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The article appeared in “Die Welt”, on 4 October 2003.

Talk – because the words are missing

By Iris Hanika

This week the coordinating office of the International Auschwitz Committee (IAC), the international amalgamation of camp survivors, was opened in Berlin. The Office has its place at the German Resistance Memorial Site and is managed by Christoph Heubner who is not a camp survivor himself. He was born after the Second World War, but has devoted all his life to this cause, so that he hardly finds time to write poems, which originally was his first job choice.

Participants in the opening were several ambassadors as well as members of parliament, but above all many camp survivors who consider it extremely important to talk about the atrocities which they experienced, to make sure that there will be no repetition.

The opening started with a music presentation by the highly gifted young violinist Adam Musialski from Katowice, a place 30 kilometres north of Oswiecim (which is the Polish name for Auschwitz).

The first speaker was Germany’s Minister of the Interior, Otto Schily whose ministry has provided the necessary financial grants which made it possible for the IAC to open this coordinating office.

The Minister of the Interior said that even today it is by no means a natural thing that the IAC opens its office in Berlin. Therefore, he understands this as an important sign of the survivors’ trust in Germany’s pluralistic society of today:
“ We warmly welcome you to our democratic Berlin”, he said. He added that he is glad that the IAC office is situated in the premises of the Memorial of German Resistance, as this place is a reminder of the fact that there were also German people – although far too few – who offered resistance.

“ Guilt cannot be passed on to the following generation, but the responsibility always remains”, Otto Schily said. He pronounced himself in favour of the maintenance of the Auschwitz Memorial: “There the significance of the shoa as a breach of civilization becomes evident”.

“It is our task to give the victims their names and their faces back and to remember them with honour”, he finished his speech.

What it means to give the victims their names back, was obvious when the IAC President Noach Flug individually welcomed each of the survivors from Poland, Germany, Israel, the Netherlands, Belgium and the USA who had come to Berlin:

  • Kazimierz Albin who shortly after the concentration camp was set up, .in the early summer of 1940, was deported with the first transport from Tarnów to Auschwitz. In Auschwitz he was given the detainee number 118 (He is one of the few detainees who successfully escaped from the camp).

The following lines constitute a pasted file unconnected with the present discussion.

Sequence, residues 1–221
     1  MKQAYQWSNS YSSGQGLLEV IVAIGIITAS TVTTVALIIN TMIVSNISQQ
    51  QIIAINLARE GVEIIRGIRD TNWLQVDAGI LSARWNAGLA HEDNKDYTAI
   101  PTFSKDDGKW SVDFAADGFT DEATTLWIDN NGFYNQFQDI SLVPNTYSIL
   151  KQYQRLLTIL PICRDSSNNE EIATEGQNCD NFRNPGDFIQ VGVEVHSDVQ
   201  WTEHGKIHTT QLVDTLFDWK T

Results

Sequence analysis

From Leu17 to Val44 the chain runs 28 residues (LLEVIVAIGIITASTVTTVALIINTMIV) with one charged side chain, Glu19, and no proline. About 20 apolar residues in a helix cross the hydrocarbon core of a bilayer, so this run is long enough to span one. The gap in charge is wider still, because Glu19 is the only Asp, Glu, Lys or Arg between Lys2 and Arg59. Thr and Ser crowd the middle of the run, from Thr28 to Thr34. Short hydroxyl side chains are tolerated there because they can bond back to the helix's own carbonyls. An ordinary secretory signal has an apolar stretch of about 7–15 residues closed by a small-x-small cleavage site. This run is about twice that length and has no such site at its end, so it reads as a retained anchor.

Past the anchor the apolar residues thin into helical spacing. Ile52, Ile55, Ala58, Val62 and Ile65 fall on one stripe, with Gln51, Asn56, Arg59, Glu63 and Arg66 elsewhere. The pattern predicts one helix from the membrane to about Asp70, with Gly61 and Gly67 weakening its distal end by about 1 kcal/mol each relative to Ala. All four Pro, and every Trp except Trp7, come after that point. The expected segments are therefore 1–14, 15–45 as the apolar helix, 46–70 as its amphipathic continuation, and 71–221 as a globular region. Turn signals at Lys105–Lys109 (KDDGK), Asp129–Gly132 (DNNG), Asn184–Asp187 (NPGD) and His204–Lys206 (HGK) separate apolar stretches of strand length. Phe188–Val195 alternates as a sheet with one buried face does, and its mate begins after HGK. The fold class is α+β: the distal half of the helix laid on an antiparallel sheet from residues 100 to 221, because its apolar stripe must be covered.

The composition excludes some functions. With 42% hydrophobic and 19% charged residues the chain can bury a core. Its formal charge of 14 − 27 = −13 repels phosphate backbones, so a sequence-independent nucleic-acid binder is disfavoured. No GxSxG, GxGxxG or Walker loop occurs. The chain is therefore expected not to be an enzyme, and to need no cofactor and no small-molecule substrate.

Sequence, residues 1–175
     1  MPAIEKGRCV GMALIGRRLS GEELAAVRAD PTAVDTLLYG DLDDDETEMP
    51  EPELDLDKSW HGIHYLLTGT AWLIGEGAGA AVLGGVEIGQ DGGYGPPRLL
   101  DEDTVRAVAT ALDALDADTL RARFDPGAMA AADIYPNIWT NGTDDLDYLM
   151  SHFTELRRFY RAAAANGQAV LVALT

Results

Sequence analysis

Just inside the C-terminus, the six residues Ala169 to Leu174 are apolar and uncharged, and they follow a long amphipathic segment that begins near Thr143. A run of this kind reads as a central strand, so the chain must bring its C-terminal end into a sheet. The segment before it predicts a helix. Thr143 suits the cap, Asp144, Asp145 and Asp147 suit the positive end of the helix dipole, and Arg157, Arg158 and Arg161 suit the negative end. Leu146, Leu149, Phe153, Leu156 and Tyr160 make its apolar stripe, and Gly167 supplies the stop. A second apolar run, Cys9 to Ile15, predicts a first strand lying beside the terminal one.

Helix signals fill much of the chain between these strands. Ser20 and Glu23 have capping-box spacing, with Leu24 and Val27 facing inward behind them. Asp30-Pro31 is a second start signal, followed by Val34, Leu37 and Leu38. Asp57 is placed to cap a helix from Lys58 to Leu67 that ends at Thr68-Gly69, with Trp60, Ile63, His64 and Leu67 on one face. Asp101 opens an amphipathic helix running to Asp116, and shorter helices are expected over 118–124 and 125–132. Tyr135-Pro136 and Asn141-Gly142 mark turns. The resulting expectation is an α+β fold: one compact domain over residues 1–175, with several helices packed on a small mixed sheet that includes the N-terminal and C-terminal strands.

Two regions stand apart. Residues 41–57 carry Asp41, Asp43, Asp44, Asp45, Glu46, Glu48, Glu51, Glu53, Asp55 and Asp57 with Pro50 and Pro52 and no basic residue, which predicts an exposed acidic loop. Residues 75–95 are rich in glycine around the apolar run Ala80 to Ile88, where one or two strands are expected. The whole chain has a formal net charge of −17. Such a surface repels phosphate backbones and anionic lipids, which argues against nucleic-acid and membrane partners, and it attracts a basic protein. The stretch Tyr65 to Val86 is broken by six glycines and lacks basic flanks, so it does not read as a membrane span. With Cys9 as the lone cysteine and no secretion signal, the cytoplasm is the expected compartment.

• August Kowalczyk, actor who founded a hospice as a “living monument” in remembrance of all those Poles who had helped detainees fleeing from the camp. (He escaped himself, too.)

  • Prof. Felix Kolmar from Prague

  • Mr. and Mrs. König from Berlin (Mr. König is originally from Frankfurt/M.) He attributes his survival to the fact that he was a metalworker. That’s why he was sent to the branch camp in Monowitz where they needed qualified slaves to build the Buna works for IG Farben.

  • Esther Bejarano from Hamburg, born in Saarlouis as a cantor’s daughter. She has always been a rather little person, so all her friends called her “tiny tot”. As a child she had learned to play the piano, but in Auschwitz she played the accordion, as a member of the “girls’ orchestra”.

Finally, Mr. Flug introduced himself, too: “I was detained in Auschwitz, Gross-Rosen and Mauthausen”, he said. He did not continue listing the different camps but just said: “…and so on.” When he ended you could hear something like a sound of laughter (at least his face showed that he prefers to laugh whenever he has got the choice.)
Then the audience again listened to the sounds of wonderful music which could make you feel like crying. (No more “…and so on.”) Now Auschwitz which is so difficult to talk about, because what happened there, is beyond all common forms of expression, Auschwitz was physically present now, because these people who bear Auschwitz in themselves as a reminder of a reality of their lives, were present. So the significance of the hour showed up, without any further words.
In other situations, you can only find out what matters by trying to talk about it and then you will realize that the words are missing ….
That’s why it is so important to continue to talk about it – however difficult it may be.

Iris Hanika, born in 1962, lives as a free-lance author in Berlin.
Her article appeared in “Die Welt”,
on 4 October 2003.